Cytotoxicity Analysis

HMSCs, preadipocytes, and HUVECs were maintained in log phase at 37°C and 5% CO2 and seeded at a concentration of 1 × 104 cells/well in a 96-well plate. The cells were then incubated overnight to allow the cells to re-adhere to the plates. After discarding the growth medium, the freshly prepared BSE, CSE, and freshly sonicated BSE-SLNp (1, 2, 4, 8, 16, 32, and 64 µg/ml) were reconstituted in the desired medium and treated to respective well and incubated for 48 h; untreated cells were used as controls. After incubation, cells were gently washed with PBS, then 20 µl/well of MTT (5 mg/ml) [3-(4, 5-dimethylthiazol-2-yl)-2, 5-diphenyltetrazolium bromide] were added and incubated for 4 h at 37°C in a CO2 incubator. At the end of incubation, the purple formazan crystals were dissolved in 100 µl of 100% DMSO. The amount of formazan formed was determined by measuring the absorbance at 570 nm using a microplate reader (Thermo Scientific). Percentage of cell growth inhibition was calculated according to the mean values of (absorbance of the sample/absorbance of the control) × 100.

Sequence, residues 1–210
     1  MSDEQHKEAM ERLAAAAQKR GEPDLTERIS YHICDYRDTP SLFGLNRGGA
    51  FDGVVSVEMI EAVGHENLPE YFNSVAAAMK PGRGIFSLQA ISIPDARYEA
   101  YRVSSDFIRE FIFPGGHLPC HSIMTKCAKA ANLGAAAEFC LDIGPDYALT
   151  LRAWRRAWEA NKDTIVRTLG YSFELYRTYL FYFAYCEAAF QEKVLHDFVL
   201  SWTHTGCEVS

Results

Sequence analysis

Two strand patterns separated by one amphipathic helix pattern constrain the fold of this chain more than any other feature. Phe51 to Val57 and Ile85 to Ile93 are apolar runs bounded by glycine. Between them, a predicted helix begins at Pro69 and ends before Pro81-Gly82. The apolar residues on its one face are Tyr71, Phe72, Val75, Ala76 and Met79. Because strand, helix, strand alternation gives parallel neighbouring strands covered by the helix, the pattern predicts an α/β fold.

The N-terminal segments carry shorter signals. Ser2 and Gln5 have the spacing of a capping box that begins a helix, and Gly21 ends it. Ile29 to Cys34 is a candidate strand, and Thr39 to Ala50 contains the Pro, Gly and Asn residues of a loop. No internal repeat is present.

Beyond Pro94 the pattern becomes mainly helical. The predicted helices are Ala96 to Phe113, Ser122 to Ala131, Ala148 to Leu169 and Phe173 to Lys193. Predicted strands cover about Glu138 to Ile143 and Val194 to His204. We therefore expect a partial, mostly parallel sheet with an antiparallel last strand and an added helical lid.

Effective Dose Determination

HMSCs, preadipocytes, and HUVECs were maintained in log phase at 37°C and 5% CO2 and seeded at a concentration of 1 × 104 cells/well in a 96-well plate and 5 × 104 cells/well in a 24-well plate. Adherent cells were subsequently treated with 2, 4, and 8 μg/ml doses of freshly prepared BSE, CSE, and freshly sonicated BSE-SLNp reconstituted in the desired medium (dose selected based on cytotoxicity analysis). The working dilutions were prepared from the NP stock dispersion and added to 200 μl of cell suspension in a 96-well plate or 500 μl of cell suspension in a 24-well plate. After 48 h, the effective dose effect of BSE, CSE, and BSE-SLNp were determined based on a metabolically active cell’s morphological behavior with mitochondrial membrane potential (JC-1 assay).